BEIRUT — Thousands of residents were fleeing a densely populated Palestinian district outside Damascus Monday amid rumors that Syrian government forces were massing and poised to attack.
Syrian authorities say cadres of "terrorists"— the government's designation for the country's rebels — have infiltrated the Yarmouk camp, a sprawling urban enclave on the southern fringes of the capital. Yarmouk is home to about 300,000 people, half of them of Palestinian origin.
Opposition activists said Syrian warplanes attacked the camp Sunday, killing at least eight people, including several outside a mosque. The incident marked the first time Yarmouk was targeted in an aerial bombardment, the opposition said.
Gunfire and shelling Sunday killed at least a dozen other people, activists said, in what appeared to be the bloodiest day in Yarmouk since the start of the 21-month-old rebellion against President Bashar Assad.
On Monday, rumors of an impending government assault sent many Yarmouk residents scrambling for safety in other Damascus-area neighborhoods, the United Nations said. At least 2,000 others fled to nearby Lebanon.
"There were rumors that the regime forces are giving people a deadline of 6 o'clock in the evening to leave the place," said one Yarmouk resident, a student, 22, who arrived in Lebanon on Monday but didn't want his name used for security reasons.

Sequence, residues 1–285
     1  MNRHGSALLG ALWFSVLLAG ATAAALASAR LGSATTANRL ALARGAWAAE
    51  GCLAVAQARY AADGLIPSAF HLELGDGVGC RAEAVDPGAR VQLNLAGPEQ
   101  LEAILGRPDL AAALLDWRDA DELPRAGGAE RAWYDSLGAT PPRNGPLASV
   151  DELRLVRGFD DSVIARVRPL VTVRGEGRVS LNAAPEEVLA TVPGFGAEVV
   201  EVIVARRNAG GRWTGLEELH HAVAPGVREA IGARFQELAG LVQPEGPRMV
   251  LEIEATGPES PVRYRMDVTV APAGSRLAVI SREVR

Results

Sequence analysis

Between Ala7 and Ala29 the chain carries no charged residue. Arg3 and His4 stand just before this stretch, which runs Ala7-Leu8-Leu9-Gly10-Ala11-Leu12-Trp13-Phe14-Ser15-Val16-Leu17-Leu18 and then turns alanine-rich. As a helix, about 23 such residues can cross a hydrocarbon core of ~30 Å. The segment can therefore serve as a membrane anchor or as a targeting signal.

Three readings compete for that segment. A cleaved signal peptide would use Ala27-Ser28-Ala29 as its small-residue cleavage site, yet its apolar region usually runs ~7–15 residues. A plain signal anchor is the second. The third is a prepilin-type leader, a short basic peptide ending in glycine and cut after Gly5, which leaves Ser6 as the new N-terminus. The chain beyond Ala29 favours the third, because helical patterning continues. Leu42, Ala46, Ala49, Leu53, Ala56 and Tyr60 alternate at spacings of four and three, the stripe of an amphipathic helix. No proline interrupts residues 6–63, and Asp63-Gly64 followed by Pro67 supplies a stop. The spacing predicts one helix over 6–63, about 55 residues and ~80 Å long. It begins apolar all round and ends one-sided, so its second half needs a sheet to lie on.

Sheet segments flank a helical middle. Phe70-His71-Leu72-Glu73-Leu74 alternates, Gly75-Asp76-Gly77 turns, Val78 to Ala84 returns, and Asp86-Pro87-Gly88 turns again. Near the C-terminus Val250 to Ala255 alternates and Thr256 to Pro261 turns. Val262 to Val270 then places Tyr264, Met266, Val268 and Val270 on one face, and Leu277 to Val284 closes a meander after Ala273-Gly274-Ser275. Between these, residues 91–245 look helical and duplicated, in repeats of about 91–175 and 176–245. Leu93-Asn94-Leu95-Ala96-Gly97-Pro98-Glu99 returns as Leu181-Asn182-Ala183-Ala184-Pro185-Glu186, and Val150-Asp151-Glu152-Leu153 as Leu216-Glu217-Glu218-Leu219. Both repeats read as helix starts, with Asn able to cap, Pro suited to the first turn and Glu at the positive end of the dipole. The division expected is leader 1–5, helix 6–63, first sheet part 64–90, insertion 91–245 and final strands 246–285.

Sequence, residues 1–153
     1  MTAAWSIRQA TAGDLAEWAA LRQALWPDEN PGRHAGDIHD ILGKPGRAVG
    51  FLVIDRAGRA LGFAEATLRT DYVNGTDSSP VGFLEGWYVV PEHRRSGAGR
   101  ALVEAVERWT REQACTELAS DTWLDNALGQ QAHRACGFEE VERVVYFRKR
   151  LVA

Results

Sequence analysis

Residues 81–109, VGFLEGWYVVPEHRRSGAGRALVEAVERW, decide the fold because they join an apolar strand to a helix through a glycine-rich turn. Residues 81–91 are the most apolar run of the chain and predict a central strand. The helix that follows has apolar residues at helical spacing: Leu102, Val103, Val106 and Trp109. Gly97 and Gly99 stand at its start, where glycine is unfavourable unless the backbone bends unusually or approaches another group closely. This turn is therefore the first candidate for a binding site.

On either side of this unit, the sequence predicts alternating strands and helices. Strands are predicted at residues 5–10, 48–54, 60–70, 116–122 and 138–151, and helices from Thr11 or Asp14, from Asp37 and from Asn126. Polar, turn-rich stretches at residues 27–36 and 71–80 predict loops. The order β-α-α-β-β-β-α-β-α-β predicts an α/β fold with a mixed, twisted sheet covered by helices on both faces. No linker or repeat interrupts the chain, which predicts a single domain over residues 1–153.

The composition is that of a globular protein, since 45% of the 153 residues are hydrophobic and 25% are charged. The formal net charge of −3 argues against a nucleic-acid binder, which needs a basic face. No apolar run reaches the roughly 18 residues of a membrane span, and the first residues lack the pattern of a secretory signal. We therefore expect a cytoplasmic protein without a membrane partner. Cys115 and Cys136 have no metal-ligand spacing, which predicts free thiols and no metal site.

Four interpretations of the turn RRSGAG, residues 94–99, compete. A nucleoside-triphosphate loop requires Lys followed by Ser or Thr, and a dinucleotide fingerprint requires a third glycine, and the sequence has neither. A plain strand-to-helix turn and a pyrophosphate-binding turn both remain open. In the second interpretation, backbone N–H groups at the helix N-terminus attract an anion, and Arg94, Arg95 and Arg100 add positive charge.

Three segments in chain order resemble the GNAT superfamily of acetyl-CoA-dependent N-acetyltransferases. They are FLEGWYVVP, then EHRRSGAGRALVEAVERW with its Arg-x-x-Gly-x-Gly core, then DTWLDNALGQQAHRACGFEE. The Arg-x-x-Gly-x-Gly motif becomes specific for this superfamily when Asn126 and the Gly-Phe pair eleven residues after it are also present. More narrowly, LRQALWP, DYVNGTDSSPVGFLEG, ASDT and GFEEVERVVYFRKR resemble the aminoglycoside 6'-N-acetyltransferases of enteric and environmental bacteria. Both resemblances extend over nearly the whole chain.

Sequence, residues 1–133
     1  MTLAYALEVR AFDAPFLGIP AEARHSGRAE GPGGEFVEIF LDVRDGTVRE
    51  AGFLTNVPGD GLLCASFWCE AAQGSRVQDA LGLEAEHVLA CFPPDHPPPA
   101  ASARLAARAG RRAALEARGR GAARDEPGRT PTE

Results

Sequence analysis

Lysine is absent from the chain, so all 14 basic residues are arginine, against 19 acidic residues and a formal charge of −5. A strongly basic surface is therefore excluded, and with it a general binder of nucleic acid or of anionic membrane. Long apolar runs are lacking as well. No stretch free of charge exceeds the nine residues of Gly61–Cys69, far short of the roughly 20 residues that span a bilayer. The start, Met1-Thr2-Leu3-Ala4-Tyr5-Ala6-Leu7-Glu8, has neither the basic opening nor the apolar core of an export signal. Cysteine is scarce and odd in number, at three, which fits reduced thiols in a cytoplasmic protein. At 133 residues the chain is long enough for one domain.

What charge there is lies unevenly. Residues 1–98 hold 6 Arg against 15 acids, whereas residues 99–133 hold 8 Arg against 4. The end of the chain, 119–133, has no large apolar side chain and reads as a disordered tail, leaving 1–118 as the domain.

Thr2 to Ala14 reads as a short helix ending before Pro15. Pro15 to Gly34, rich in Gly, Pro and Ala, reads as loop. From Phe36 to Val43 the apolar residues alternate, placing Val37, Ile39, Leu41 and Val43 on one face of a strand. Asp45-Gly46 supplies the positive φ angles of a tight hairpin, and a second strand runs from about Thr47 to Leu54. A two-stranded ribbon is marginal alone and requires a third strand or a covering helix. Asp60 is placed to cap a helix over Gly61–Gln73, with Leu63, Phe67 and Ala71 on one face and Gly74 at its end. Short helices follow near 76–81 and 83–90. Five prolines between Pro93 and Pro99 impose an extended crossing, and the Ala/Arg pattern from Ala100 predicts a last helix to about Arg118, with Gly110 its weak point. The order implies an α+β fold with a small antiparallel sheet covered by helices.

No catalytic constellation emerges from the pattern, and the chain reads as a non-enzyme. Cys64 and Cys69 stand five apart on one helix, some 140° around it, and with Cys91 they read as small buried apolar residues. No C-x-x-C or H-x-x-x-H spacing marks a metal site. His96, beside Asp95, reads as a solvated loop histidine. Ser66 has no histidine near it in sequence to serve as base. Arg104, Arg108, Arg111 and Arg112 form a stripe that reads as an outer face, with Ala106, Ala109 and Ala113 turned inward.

Sunday's clashes lasted well into Monday, he said, adding that extensive damage had left many people homeless and living on the streets.
The U.N. issued a statement Monday saying it was "gravely concerned" about the safety of Palestinian refugees in Syria. It appealed to all sides in the conflict "to refrain from actions that endanger civilian lives and property."
Before Sunday's violence, many Syrians fleeing attacks elsewhere in the country had moved to Yarmouk, considering it relatively safe. Still, there had been several mortar strikes in the camp in recent months and reports of periodic fighting between pro- and anti-Assad factions. Several neighborhoods adjacent to or near Yarmouk have seen heavy fighting between rebels and government troops.
Syria is home to about 500,000 Palestinians, mostly descendants of the original refugees who came when Israel was established in 1948.
Palestinian leaders have urged their people to stay out of Syria's conflict, but those who live there appear to be split. Some support the government and have even manned pro-Assad "popular council" militias in Yarmouk. Others sympathize with the rebels, and some have joined the armed rebellion.
On Tuesday, Syrian Foreign Minister Walid Moallem warned Palestinians "to refrain from supporting or harboring these armed group[s] which are intruders to the camp." He urged Palestinians help to "expel" the rebels.
Marrouch is a special correspondent. Special correspondent Nabih Bulos in Amman, Jordan, contributed to this report.